Try this Pata Tim recipe for melt-in-your-mouth succulent meat with a perfect sweet-savory sauce that goes with it.
Pata Tim (Braised Pork Hocks)
- 3 pounds whole pork leg (ham hock)
FOR THE BRINE
- 4 cups water
- ¼ cup salt
- 3 pieces star anise
- 3 pieces bay leaves
- ½ teaspoon peppercorn
- Pour 4 cups of water into a pot. Add salt, star anise, bay leaves, and peppercorns. Bring to a simmer until salt is dissolved. Let it cool down to room temperature.Place pork hock in a large bowl or a Ziploc bag. Pour the brine solution over the pork hock and cover. Place in the fridge overnight (or up to 3 days). Remove from brine and pat the pork hock dry.
- In a pot just large enough to fit the whole pork hock, heat oil over medium-high heat. Sear all sides until golden about 3 minutes each side.
- Pour 3 cups of water and add the garlic, brown sugar, soy sauce, star anise, bay leaves, and peppercorns. Cover the pot with the lid and bring to a boil.
- Once it starts to boil, turn down the heat to low and cook for at least 3 hours or until the skin and meat are so tender they easily separate from the bone. Remember to turn the meat every other 30 minutes. You may have to add more water until the meat reached the desired tenderness.Make sure also that by that time, you still have at least 1 cup (up to 1.5 cups) of the liquids remaining.
- Gently remove the pork hock and transfer to a serving dish. Run the remaining liquids through a strainer or a sieve to remove the chunky pieces. Return the liquids to the pot and turn heat to low.
- Dissolve the cornstarch in ¼ cup of water and gradually pour this mixture into the pot with liquids while continuously stirring to form a thick sauce.
- Pour sauce over the pork leg and serve. This is usually eaten with steamed rice. You may also add some steamed bok choi for sides.
What is Pata Tim?
Pata Tim or Patatim is a popular Filipino-Chinese dish of braised pork leg or hock that is cooked long and slow until the meat becomes so tender it literally falls out of the bones. The whole pork leg (pata) is cooked in a mixture of soy sauce, sugar, spices like garlic, bay leaves, star anise, and peppercorns. Other spices that can also be used or added are hoisin sauce, cinnamon, rice wine, and five-spice powder. It is also common to add shiitake mushrooms and blanched pak choi.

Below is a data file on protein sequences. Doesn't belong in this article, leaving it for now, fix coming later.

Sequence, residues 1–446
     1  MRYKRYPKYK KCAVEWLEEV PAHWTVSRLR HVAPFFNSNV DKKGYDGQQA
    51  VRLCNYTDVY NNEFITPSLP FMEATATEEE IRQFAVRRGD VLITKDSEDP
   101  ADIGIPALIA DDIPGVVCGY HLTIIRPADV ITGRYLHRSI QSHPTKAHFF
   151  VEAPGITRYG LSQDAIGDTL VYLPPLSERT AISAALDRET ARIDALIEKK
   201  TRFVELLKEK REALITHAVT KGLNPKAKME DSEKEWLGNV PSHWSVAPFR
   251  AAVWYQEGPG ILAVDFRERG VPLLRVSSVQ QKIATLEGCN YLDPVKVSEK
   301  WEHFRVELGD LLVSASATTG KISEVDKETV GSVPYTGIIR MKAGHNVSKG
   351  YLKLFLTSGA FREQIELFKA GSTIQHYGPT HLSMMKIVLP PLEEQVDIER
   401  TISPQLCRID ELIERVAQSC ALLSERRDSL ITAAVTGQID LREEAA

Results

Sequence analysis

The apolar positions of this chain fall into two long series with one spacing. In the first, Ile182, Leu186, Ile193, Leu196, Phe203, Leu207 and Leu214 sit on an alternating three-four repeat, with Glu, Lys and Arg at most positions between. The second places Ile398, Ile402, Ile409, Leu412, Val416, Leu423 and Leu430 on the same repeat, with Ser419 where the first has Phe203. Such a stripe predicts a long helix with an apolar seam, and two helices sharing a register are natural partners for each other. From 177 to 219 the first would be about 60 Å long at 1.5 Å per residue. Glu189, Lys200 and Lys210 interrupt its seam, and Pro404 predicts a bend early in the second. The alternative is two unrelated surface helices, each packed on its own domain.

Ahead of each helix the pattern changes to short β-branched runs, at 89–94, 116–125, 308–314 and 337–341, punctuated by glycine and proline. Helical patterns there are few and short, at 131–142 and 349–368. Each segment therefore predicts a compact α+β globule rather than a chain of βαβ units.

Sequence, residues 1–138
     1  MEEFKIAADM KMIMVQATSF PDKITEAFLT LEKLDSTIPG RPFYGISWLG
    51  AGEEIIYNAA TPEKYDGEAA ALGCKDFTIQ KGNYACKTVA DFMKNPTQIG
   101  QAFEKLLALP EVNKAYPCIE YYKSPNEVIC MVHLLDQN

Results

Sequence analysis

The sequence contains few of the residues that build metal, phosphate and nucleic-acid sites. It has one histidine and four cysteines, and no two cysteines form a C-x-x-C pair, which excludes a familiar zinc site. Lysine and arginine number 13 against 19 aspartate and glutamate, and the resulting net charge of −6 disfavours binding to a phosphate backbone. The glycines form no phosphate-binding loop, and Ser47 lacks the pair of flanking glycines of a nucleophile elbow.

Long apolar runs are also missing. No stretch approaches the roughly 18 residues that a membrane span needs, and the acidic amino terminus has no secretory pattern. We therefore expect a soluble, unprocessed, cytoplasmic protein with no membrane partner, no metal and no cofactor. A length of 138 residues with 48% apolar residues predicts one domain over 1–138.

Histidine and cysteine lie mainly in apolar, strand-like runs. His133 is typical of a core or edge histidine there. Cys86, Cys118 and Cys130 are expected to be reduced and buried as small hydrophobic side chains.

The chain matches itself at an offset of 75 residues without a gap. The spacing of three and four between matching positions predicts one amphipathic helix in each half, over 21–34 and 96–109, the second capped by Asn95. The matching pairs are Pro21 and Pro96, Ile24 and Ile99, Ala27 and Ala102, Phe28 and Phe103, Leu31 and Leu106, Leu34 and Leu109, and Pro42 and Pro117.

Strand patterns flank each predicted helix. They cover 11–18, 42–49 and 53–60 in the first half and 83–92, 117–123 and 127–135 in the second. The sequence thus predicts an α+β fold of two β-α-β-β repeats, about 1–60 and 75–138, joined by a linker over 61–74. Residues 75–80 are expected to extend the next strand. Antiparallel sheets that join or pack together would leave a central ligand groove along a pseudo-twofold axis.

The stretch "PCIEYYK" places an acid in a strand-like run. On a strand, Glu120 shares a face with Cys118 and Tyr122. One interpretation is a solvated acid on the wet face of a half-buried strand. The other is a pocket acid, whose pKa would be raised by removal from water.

The truth is, I was not a big fan of Pata Tim. I find them usually cooked a bit too sweet for my liking. I do not even remember the last time I had it because obviously, it is not a favorite. But a recent event changed my mind.
Just a few days ago my family and I went out to celebrate my Mama's birthday. We went to a favorite local buffet restaurant for lunch, Tabehoudai. It is clearly a Japanese restaurant just by looking at the name but they also serve food of various cuisines. Armin and I especially enjoy their sushi table where we can have all the sushi and sashimi we can eat. This time though I noticed my Mama came back with a small plate of this tender looking pork meat cuts. I just could not resist trying it and the moment it touched my mouth it was pure heaven.
Unbelievably soft meat that almost seems like they melt away on your tongue and it tastes soooo darn good. I was thinking to myself this can't be...."Pata Tim" my Mama, however, confirmed. Now I am converted.
It is not just the tenderness of the meat that made me rethink my position about this dish. Also how they were able to make the perfect balance of seasoning. What I really liked is that it was not as sweet as the Pata Tim I know of and the flavors have seeped so deep into the meat but never overpowering the flavor of the pork itself.
I know that no self-respecting restaurant will ever divulge their secret recipes. So I tried to make a copycat of their Pata Tim by comparing some recipes and making some changes. I came up with this recipe here.
I brought the finished product to my parents for a final taste test. It passed with flying colors! Almost like the one in Tabehoudai my Papa said.
Tips on cooking the best Pata Tim
This dish is normally cooked using uncut pork leg. If cooking for a bigger crowd and you do not have a really big pot to fit the length of the leg, just take two smaller sizes. Get the ones without the trotters (feet), they do not have meat in them anyway.
I see a lot of other recipes that do not brine their pork leg. I highly suggest not to skip this part. Letting the meat soak at least overnight (upto 3 days) in a brine solution will give you flavors that go beyond the surface of the meat. This is especially true with big chunks of meat.
Patatim is known also for its savory-sweet thick sauce. If the meat is already tender but there is still too many liquids, remove the meat from the pot and continue to simmer to reduce the sauce to at least a cup. A cornstarch slurry is added to thicken it. It also enables the sauce cling to the meat when poured into it preventing it from drying out and bringing with it all the flavors.
You can also add Shaoxing wine to the braising liquid to give it an extra rich flavor.